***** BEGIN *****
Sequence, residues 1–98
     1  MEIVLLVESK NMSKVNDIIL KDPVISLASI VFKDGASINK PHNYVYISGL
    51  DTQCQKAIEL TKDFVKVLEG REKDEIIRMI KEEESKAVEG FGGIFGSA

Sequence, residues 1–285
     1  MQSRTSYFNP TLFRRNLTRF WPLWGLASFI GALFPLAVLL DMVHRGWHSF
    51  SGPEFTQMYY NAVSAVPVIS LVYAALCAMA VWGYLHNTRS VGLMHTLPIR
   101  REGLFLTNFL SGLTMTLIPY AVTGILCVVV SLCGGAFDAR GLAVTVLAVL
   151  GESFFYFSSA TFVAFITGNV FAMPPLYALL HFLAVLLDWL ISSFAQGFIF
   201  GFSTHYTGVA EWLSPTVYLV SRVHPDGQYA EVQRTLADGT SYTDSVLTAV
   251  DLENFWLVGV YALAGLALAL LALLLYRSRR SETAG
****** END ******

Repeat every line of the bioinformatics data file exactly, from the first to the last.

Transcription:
Sequence, residues 1–98
     1  MEIVLLVESK NMSKVNDIIL KDPVISLASI VFKDGASINK PHNYVYISGL
    51  DTQCQKAIEL TKDFVKVLEG REKDEIIRMI KEEESKAVEG FGGIFGSA

Sequence, residues 1–285
     1  MQSRTSYFNP TLFRRNLTRF WPLWGLASFI GALFPLAVLL DMVHRGWHSF
    51  SGPEFTQMYY NAVSAVPVIS LVYAALCAMA VWGYLHNTRS VGLMHTLPIR
   101  REGLFLTNFL SGLTMTLIPY AVTGILCVVV SLCGGAFDAR GLAVTVLAVL
   151  GESFFYFSSA TFVAFITGNV FAMPPLYALL HFLAVLLDWL ISSFAQGFIF
   201  GFSTHYTGVA EWLSPTVYLV SRVHPDGQYA EVQRTLADGT SYTDSVLTAV
   251  DLENFWLVGV YALAGLALAL LALLLYRSRR SETAG